Up for a challenge? Apply to be a presidential spin doctor

Presidency official Lakela Kaunda has stuck by President Jacob Zuma through thick and thin. But nerves of steel are required for the job of presidential spokesperson. (Victor Ruiz Garcia, Reuters)

Presidency official Lakela Kaunda has stuck by President Jacob Zuma through thick and thin. But nerves of steel are required for the job of presidential spokesperson. (Victor Ruiz Garcia, Reuters)

Soon after former presidential spokesperson Mac Maharaj left his west wing office at the Union Buildings, the presidency embarked on a media charm offensive to improve the public’s access to the highest office in the land. The only hitch in its plan appears to be finding a permanent spin doctor.

Harold Maloka, a longtime government communicator and deputy director general of the Government Communication and Information System, was roped in to fill Maharaj’s shoes on an acting basis while President Jacob Zuma was searching for the right candidate. But Maloka was led out the building a mere three months later, even before Zuma could appoint a permanent spokesperson.

The presidency insists Maloka was seconded to the position for only three months, but some government officials said his contract could have easily been extended, considering his seniority and experience.
Presidency sources claim Maloka is, however, not fully trusted by Zuma and those close to him.

The same sources told the Mail & Guardian that Maloka was treated badly by his colleagues in the three months he spent as Zuma’s spokesperson. “He did not even have direct access to Zuma. He was moved from Mac Maharaj’s office, which is much closer to Zuma’s, to a smaller office somewhere in the same building. They really frustrated him,” said a senior official in the presidency.

The same official said another reason Maloka’s three-month contract was not renewed is that he is not a pushover. “He could not allow people to impose their views on him. He is his own person. He is not someone you can push around as you wish. His track record within the public service speaks for itself,” said the presidency official.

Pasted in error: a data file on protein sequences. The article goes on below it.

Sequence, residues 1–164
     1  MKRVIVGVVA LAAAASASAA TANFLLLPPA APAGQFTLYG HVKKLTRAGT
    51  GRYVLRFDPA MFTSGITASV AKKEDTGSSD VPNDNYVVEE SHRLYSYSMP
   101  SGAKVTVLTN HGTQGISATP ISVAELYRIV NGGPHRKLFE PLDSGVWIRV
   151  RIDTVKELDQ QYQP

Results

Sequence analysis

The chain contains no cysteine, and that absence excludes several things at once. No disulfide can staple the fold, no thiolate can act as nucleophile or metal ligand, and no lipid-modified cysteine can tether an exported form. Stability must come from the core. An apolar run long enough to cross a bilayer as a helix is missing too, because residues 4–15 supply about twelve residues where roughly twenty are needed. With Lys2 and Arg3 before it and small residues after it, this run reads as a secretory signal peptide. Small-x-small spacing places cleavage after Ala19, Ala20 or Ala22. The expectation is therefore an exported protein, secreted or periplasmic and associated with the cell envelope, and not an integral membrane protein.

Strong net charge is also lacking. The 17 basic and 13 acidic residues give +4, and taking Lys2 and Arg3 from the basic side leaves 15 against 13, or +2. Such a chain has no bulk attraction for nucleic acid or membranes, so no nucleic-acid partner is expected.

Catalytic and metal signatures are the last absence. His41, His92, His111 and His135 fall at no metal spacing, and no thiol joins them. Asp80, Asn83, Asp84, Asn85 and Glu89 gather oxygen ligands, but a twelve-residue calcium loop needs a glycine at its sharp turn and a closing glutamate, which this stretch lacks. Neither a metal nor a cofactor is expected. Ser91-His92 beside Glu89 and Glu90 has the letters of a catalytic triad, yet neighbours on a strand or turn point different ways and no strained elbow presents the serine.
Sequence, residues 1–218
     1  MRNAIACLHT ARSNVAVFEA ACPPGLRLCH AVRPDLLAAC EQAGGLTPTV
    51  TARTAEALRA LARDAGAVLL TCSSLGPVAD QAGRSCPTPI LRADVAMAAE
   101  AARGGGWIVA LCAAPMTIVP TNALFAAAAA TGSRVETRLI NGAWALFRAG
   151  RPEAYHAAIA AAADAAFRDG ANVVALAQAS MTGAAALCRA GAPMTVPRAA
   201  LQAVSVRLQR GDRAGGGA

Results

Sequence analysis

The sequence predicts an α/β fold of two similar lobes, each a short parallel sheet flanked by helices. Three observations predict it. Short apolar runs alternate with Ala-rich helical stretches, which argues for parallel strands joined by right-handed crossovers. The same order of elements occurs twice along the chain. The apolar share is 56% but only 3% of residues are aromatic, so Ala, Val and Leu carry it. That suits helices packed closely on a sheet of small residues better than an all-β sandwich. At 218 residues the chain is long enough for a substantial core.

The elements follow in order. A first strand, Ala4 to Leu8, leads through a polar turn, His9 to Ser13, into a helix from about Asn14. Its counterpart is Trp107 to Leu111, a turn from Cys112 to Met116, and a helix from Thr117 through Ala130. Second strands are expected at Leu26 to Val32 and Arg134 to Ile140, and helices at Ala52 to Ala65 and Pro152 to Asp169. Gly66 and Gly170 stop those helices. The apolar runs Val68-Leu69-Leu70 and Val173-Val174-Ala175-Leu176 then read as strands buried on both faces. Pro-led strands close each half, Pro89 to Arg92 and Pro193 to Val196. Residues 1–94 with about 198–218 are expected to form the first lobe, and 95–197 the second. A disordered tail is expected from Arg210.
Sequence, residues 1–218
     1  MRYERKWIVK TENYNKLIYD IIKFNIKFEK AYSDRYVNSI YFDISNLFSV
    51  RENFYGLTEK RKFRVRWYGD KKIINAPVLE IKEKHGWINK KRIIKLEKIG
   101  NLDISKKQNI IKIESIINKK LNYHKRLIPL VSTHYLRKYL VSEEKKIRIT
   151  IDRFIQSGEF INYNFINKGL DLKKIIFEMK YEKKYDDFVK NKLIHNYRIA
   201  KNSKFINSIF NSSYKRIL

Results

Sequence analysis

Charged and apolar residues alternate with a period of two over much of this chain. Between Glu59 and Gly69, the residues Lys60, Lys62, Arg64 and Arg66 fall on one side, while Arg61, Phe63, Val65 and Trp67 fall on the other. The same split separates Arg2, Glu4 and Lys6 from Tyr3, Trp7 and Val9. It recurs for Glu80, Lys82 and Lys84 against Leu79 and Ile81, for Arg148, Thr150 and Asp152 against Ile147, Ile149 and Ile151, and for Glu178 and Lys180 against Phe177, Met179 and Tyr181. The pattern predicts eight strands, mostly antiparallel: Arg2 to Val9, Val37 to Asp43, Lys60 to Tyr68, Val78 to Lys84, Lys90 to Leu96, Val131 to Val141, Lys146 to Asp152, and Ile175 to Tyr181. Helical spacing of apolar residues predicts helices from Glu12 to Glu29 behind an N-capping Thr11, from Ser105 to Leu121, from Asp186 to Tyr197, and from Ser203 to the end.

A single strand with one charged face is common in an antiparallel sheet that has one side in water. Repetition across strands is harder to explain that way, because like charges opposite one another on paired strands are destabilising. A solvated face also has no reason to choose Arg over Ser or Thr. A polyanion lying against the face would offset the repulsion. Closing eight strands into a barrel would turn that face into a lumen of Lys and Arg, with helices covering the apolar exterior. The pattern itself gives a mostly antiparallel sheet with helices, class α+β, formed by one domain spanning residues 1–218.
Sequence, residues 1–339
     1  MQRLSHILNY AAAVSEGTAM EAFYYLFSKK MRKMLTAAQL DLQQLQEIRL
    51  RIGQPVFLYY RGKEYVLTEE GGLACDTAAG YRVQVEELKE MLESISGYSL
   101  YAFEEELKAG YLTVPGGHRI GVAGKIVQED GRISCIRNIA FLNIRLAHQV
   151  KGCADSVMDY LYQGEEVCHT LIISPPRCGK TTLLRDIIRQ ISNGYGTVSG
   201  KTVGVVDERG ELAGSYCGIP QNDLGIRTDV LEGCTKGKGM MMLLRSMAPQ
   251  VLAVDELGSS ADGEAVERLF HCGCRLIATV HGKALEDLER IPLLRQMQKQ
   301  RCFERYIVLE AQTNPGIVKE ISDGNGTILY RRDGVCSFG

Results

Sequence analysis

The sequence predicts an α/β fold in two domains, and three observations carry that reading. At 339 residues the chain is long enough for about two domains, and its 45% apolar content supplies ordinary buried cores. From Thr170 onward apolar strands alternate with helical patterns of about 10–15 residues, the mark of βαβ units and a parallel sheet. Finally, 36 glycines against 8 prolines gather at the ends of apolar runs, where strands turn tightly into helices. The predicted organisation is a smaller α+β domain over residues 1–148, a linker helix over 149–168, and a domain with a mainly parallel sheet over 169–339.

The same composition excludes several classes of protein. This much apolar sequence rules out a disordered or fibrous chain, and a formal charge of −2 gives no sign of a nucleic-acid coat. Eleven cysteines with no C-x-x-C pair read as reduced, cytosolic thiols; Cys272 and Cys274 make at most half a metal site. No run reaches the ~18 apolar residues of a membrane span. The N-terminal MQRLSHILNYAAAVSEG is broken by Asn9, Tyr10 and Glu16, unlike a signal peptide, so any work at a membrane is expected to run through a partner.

A trained journalist, Maloka has been in government communications since the late 1990s.

Another senior government official said he is not surprised by Maloka’s departure because he did not fit with those regarded as being Zuma’s core cluster.

Seasoned communicator Harold Maloka has been shown the door after just three months. (Oupa Nkosi, M&G)

The Zuma loyalists in the presidency “want someone they can trust. It made a lot of sense to me when his three-month contract was not extended. To earn trust by Zuma, you really need to understand his culture. You can’t mix with him and his people if you don’t understand that,” said a government official.

Bongani Majola, the director of media liaison in Zuma’s office and a former M&G journalist, has been appointed Zuma’s acting spokesperson. The M&G has learned that Majola has been advised to apply for the vacant post of chief director of communications, an indication that he might be appointed permanently as a spokesperson. Majola declined to answer M&G questions this week.

The chief director position was left vacant by Zanele Mngadi, who is now chief of staff for Environmental Affairs Minister Edna Molewa.

Mngadi joined the presidency’s current chief operating officer, Lakela Kaunda, in Zuma’s office almost 15 years ago when he was still deputy president of the country.

Mngadi and Kaunda stood by Zuma during his most trying time politically, when he was ousted from the second-highest position in government. When the then president, Thabo Mbeki, fired Zuma, the two officials moved to the social development department, returning to the presidency after Zuma was elected president in 2009.

But Mngadi mysteriously moved to a junior ministry a few months ago. Mngadi said she is still part of several presidency task teams and is working on a plan for the proposed presidential press corps.

“I’m in a number of advisory committees and write some documents for the presidency,” she told the M&G. It’s not the first time that there has been an overhaul of Zuma’s presidency communications team, particularly when he is facing public relations challenges. A few months after the scandal broke about the president fathering a child with Sonono Khoza, the daughter of soccer boss Irvin Khoza, in 2010, Zuma spokesperson Vincent Magwenya resigned, followed by deputy director of communications Vusi Mona a week later.

Current ANC spokesperson Zizi Kodwa was acting presidency spokesperson before Maharaj was appointed.



Matuma Letsoalo is a senior politics reporter at the Mail & Guardian. He joined the newspaper in 2003, focussing on politics and labour, and collaborated with the M&G's centre for investigations, amaBhungane, from time to time.In 2011, Matuma won the South African Journalist of the Year Award and was also the winner in the investigative journalism category in the same year.In 2004, he won the CNN African Journalist of the Year prize – the MKO Abiola Print Journalism Award. Matuma was also a joint category winner of the Mondi Shanduka SA Story of the year Award in 2008. In 2013, he was a finalist for Wits University's Taco Kuiper Award.
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